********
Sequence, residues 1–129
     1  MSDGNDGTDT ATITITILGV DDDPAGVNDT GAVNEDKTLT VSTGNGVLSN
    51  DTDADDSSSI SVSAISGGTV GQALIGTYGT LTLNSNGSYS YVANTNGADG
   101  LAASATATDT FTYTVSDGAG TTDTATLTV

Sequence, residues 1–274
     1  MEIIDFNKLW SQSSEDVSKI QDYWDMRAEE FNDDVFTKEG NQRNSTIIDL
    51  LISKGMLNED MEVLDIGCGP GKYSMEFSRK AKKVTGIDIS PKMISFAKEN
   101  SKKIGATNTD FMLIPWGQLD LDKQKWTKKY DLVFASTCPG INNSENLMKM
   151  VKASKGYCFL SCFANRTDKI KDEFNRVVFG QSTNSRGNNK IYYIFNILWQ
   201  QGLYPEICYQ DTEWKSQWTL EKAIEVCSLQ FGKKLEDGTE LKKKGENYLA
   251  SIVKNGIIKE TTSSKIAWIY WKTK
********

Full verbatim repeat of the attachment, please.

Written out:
Sequence, residues 1–129
     1  MSDGNDGTDT ATITITILGV DDDPAGVNDT GAVNEDKTLT VSTGNGVLSN
    51  DTDADDSSSI SVSAISGGTV GQALIGTYGT LTLNSNGSYS YVANTNGADG
   101  LAASATATDT FTYTVSDGAG TTDTATLTV

Sequence, residues 1–274
     1  MEIIDFNKLW SQSSEDVSKI QDYWDMRAEE FNDDVFTKEG NQRNSTIIDL
    51  LISKGMLNED MEVLDIGCGP GKYSMEFSRK AKKVTGIDIS PKMISFAKEN
   101  SKKIGATNTD FMLIPWGQLD LDKQKWTKKY DLVFASTCPG INNSENLMKM
   151  VKASKGYCFL SCFANRTDKI KDEFNRVVFG QSTNSRGNNK IYYIFNILWQ
   201  QGLYPEICYQ DTEWKSQWTL EKAIEVCSLQ FGKKLEDGTE LKKKGENYLA
   251  SIVKNGIIKE TTSSKIAWIY WKTK